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Construction Begins on Route 219 in Somerset County

After 40 years of planning and securing funding, work will begin August 27 on a new stretch on Route 219 in Somerset County.

The 11-mile, four-lane roadway will connect the existing Route 219 south of Somerset with the existing four-lane Meyersdale bypass.

The project will include new interchanges north of Meyersdale and at a crossing of the Mud Pike roadway.

“It’s really for economic growth in the area to provide connections to other major routes,” said Greg Illig, PennDOT District 9 Project Manager. “Also, it will improve safety over to the existing 219, which is kind of a winding road, this is going to be a new high-speed four-lane facility that is designed to current standards.”                    

Illig said the project will take roughly five years to complete and will be split into three phases.

The first phase involves moving 10 million cubic yards of earth and installing drainage in the area.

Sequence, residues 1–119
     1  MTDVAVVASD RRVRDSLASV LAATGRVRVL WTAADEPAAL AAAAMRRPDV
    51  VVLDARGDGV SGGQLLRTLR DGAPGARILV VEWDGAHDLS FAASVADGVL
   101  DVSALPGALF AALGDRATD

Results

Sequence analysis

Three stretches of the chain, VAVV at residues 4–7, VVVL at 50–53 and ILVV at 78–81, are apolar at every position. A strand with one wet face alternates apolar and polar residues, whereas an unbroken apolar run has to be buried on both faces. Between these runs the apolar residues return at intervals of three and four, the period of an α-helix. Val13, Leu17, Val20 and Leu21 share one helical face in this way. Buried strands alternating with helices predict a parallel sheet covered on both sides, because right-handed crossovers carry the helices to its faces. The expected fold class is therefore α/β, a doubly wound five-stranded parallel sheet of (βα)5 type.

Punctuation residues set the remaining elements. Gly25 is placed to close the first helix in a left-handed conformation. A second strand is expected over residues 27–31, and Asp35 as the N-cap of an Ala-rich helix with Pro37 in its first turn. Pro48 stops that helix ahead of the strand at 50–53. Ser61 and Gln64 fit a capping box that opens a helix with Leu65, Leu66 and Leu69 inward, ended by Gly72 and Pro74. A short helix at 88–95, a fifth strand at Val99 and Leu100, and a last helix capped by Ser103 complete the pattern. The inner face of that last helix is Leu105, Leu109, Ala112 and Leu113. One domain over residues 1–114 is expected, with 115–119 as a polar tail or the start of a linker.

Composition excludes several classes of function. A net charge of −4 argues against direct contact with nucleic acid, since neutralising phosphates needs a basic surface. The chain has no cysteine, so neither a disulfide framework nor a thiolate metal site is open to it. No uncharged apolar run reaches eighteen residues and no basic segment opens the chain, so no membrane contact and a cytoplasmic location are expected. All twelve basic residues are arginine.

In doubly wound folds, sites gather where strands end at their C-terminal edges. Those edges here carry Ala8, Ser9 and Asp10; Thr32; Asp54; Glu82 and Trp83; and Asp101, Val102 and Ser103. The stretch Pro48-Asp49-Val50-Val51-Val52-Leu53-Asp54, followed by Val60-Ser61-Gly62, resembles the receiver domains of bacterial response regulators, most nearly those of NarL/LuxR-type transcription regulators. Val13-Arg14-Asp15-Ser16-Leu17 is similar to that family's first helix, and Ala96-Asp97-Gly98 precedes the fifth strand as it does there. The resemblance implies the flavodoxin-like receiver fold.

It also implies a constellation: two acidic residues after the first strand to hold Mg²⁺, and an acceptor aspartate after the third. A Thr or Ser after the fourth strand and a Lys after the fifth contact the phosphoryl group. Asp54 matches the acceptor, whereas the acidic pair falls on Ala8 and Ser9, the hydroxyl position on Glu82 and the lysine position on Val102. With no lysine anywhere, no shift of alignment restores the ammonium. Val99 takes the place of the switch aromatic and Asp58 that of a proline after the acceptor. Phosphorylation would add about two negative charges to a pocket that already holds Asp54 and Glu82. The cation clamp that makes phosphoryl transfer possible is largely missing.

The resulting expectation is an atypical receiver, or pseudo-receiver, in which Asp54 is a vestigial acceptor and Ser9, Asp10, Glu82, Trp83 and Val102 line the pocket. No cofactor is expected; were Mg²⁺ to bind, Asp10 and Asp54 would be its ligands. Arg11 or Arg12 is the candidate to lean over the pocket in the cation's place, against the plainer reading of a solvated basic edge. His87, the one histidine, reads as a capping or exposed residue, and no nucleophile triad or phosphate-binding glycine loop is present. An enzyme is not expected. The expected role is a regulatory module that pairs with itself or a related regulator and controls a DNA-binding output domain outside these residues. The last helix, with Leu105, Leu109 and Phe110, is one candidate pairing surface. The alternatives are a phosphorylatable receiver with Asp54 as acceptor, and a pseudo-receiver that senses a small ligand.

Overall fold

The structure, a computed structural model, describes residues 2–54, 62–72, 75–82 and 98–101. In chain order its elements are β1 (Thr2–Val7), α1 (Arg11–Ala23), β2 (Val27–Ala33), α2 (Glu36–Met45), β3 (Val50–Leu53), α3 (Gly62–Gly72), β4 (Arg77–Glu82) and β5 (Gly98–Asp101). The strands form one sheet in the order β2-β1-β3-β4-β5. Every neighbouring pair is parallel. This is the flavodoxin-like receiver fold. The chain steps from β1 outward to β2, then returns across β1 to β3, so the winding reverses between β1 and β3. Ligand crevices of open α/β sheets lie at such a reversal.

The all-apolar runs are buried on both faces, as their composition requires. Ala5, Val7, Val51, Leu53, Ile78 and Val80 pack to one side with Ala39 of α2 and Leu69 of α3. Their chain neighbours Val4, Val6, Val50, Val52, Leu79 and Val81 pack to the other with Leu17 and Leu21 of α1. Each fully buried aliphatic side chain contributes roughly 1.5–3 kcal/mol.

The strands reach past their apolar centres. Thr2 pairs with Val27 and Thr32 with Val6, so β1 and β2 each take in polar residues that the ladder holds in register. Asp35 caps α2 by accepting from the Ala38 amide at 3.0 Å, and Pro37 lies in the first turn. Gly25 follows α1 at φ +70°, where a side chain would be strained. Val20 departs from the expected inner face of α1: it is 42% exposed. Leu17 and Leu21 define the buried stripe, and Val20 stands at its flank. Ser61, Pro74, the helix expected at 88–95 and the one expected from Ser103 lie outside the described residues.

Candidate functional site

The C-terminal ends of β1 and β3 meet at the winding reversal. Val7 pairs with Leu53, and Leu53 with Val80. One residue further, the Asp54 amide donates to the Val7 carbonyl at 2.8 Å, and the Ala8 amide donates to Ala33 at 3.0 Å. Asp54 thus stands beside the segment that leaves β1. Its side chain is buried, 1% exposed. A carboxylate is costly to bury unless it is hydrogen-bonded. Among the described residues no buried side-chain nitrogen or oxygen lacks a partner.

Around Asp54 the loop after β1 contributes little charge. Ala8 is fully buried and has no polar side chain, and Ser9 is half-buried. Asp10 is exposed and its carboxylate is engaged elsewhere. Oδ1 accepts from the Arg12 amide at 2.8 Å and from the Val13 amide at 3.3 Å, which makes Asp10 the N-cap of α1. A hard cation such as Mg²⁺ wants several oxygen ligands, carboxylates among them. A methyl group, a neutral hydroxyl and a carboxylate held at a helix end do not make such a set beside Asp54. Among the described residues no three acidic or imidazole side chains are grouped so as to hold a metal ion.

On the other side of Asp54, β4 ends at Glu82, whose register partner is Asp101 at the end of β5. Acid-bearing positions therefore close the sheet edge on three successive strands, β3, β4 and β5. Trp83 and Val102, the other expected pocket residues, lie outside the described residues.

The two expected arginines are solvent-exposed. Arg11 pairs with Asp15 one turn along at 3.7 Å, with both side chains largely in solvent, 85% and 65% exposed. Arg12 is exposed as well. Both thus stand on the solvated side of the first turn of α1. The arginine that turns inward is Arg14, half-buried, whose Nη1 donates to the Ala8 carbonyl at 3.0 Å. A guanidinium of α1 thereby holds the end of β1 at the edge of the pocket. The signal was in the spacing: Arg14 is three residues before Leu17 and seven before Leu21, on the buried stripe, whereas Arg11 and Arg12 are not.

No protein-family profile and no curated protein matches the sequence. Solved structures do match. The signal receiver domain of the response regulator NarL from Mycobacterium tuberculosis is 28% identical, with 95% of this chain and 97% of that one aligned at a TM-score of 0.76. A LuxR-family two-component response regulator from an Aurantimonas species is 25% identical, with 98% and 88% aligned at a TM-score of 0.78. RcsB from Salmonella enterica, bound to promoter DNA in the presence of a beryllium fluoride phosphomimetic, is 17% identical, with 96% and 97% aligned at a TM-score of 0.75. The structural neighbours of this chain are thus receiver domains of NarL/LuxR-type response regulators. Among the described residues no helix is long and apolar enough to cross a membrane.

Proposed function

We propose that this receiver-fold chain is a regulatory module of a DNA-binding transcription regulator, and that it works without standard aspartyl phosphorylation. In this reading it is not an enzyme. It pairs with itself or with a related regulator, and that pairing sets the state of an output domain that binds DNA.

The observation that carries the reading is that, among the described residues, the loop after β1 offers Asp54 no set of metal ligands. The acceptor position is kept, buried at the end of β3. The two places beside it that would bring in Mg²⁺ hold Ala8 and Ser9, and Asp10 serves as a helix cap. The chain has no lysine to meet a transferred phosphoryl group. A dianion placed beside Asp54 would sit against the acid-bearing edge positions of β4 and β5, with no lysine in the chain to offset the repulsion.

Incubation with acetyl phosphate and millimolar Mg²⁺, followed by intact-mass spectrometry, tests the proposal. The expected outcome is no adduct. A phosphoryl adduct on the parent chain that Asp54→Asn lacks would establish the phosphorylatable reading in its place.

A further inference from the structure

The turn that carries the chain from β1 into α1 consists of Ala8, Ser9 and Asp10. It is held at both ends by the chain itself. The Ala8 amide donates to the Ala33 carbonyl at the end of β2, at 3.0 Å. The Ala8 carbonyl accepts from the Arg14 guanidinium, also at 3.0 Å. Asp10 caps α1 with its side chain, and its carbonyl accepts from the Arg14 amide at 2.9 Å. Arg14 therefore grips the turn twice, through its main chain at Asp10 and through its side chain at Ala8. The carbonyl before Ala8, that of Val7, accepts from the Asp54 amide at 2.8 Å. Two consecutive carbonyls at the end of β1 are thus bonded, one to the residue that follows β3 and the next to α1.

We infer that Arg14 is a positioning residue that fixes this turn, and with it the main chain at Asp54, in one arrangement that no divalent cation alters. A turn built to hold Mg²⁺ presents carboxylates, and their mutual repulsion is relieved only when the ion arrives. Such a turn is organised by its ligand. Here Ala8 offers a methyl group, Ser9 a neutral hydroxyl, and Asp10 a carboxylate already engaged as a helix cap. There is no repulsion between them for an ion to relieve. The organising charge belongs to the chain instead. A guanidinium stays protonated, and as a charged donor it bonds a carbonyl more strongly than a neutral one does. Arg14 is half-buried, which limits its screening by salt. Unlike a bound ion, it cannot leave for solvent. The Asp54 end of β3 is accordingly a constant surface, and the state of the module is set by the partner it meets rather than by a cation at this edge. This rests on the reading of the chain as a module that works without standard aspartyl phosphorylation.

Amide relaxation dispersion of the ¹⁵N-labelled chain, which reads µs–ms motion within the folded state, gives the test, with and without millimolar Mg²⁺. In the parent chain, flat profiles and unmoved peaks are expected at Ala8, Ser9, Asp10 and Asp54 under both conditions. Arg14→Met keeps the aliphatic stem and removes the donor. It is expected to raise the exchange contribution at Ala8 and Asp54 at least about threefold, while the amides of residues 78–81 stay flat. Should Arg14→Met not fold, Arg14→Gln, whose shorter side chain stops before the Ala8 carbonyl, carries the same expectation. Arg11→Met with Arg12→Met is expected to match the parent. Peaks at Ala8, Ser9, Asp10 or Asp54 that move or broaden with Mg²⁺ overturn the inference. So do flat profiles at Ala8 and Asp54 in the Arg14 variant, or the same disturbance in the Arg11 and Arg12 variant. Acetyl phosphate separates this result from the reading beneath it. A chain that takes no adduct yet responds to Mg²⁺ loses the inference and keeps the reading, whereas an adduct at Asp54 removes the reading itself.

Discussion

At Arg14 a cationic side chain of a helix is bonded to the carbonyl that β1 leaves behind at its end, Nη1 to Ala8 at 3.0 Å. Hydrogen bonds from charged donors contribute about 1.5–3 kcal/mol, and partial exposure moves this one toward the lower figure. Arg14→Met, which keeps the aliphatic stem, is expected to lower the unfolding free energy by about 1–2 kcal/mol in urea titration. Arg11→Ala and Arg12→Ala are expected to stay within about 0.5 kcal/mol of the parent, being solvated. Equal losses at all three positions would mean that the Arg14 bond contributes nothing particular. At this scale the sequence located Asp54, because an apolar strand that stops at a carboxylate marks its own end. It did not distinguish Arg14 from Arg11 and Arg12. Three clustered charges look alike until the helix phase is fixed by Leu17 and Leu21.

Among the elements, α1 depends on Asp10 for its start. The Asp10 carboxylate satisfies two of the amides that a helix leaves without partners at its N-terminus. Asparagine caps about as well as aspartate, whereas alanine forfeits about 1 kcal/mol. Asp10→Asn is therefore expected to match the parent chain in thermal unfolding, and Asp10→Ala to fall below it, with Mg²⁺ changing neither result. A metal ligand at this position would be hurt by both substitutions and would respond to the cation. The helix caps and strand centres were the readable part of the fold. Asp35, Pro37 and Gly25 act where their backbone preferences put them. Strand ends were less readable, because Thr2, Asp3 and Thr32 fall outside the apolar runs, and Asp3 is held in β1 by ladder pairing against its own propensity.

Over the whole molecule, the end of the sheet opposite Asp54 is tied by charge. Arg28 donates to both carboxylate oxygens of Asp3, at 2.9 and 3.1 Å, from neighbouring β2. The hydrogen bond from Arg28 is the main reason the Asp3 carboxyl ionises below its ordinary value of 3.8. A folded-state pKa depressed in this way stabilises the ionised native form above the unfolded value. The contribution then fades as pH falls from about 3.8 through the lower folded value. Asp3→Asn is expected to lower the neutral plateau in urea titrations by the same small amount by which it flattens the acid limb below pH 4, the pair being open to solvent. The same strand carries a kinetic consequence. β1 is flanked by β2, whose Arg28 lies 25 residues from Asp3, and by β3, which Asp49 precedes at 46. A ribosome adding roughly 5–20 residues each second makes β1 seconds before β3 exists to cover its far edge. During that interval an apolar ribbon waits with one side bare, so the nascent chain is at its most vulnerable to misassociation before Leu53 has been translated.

Illig said this will take about three years to complete.

The second phase will be the construction of bridges, and the third phase will be the actual paving process.

“A project of this magnitude, it just takes time to work through all the studies and complete the designs and also, a major component is identifying the funding for something this size,” Illig said.

According to Illig, the price tag is about $370 million, but Route 219 will help boost economic growth in the county.

“This is now going to provide that area, Somerset County, a connection to other interstate routes,” Illig said. “Also during construction, it’ s going to provide a boost to the area not only for the contractor, but all of the businesses around the area that will supply services to the contractor.”

Illig said preliminary studies were done to connect the Meyersdale bypass to Route I68 in Maryland, but there isn’t enough funding to move forward with construction yet.

Jess is from Elizabeth Borough, PA and is a junior at Duquesne University with a double major in journalism and public relations. She was named as a fellow in the WESA newsroom in May 2013.